International immersions also take place over a weekend but are then followed by an optional four-credit extension course, an add-on elective that includes five additional days to travel and learn about local business.
The Value of Meeting Face to Face
The Online MBA is structured to meet the needs of working professional who need flexibility to meet demanding work schedules and, in many cases, family commitments. Most see the in-person time commitment as a benefit. Some believe that a topic such as negotiation is, in fact, better suited to an in-person learning environment.
“While the didactic portion of negotiation probably could have been taught online, the experience, the practice, was really more valuable in person,” said Tiffany Wilson, an OBGYN physician with Mary’s Center, a federally qualified community health center in Washington, D.C. Wilson is pursuing a custom MBA concentration in executive leadership and health management.
“As much as it was role playing, being able to read people’s body language and understand facial expressions, inflections and voice—all those different things that you might miss virtually—are very important,” she continued. “As we enter the post pandemic era, we’re going back to in-person meetings, so having those people skills, those soft skills, is very valuable.”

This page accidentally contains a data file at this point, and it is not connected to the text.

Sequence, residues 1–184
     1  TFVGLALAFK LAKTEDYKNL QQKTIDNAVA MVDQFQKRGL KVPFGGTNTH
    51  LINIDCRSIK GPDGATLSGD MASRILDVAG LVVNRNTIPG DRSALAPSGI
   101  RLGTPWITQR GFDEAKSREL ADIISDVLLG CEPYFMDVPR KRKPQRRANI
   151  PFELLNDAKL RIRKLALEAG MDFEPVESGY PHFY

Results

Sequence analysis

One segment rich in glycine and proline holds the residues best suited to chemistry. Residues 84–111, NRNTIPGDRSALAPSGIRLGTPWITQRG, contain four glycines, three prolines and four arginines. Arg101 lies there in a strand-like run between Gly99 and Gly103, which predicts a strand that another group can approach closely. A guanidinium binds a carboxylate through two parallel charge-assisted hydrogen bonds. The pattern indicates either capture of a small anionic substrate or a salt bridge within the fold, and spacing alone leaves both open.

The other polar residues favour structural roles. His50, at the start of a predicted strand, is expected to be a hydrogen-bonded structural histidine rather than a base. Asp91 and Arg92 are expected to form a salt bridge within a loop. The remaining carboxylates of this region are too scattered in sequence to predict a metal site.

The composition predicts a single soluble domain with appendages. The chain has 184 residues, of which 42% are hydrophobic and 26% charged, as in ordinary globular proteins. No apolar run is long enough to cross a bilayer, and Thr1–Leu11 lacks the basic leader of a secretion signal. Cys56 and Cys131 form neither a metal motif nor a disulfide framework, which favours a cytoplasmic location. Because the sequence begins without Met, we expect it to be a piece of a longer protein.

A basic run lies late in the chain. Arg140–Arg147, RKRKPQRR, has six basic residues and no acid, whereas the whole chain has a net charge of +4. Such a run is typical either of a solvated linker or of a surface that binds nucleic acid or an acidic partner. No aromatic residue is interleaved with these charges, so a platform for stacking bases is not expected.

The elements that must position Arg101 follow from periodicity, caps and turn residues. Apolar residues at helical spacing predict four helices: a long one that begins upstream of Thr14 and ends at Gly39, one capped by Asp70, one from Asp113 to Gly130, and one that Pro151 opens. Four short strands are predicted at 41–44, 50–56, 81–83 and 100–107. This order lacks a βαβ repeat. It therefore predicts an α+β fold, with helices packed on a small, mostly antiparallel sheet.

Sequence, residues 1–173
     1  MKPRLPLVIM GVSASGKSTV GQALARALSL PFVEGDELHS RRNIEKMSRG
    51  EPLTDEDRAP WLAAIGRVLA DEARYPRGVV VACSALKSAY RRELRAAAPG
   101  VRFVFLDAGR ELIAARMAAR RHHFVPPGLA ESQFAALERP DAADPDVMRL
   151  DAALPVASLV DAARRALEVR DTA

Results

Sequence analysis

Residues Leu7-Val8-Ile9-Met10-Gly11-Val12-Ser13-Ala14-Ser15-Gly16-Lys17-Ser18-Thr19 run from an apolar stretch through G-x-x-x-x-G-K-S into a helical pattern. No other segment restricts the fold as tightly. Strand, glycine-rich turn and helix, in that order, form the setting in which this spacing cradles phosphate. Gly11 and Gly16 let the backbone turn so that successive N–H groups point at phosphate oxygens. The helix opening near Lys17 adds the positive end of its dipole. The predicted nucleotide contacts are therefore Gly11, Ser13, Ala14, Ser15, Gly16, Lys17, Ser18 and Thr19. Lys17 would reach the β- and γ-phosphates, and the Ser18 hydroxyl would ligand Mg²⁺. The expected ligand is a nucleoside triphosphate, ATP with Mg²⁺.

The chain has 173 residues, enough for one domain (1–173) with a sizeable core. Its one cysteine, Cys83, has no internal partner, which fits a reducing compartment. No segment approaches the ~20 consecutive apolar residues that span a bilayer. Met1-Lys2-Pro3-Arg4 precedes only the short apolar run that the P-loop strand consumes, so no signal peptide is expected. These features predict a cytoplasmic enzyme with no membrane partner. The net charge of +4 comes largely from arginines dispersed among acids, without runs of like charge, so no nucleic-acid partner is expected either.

The professional diversity of an MBA setting produces other significant benefits, according to Steve Delp, a student who is the vice president of Sales with Kaseware, which provides investigative case management and criminal intelligence software to law enforcement agencies and Fortune 500 companies around the world. Delp is pursuing a specialty in executive leadership.
“Immersions provide the important experience that academic exercises cannot,” Delp said. “You can read books, you can read business cases, study and write papers all day. But that’s a very different form of learning than practicing negotiations for two days straight with fellow MBA students from different backgrounds.
“It can be hard in people’s careers to get exposure to other professionals from other industries, and with different backgrounds and areas of expertise. Immersion programs provide that value. I negotiated against a social worker from New York and a debt finance banker from Colorado. Those are two people I would likely never come across in my professional setting.”
Meghan Rickel, senior financial analyst with Profit Planning Group, a benchmarking firm that helps organizations improve their probability, considers the immersions a critical educational connecting point.
“I see the immersions as intersections of learning and engaging,” Rickel said. “An underlying dimension of business and life is collaboration. The immersions help us apply academic concepts as they might unfold in real world interactions.
“This is especially resonant now amid the changing landscape of work, which calls for collaboration both virtually and in person,” she added. “These opportunities to engage with our peers and faculty are an important value add to working professionals and aspiring leaders like me who have chosen the online program.”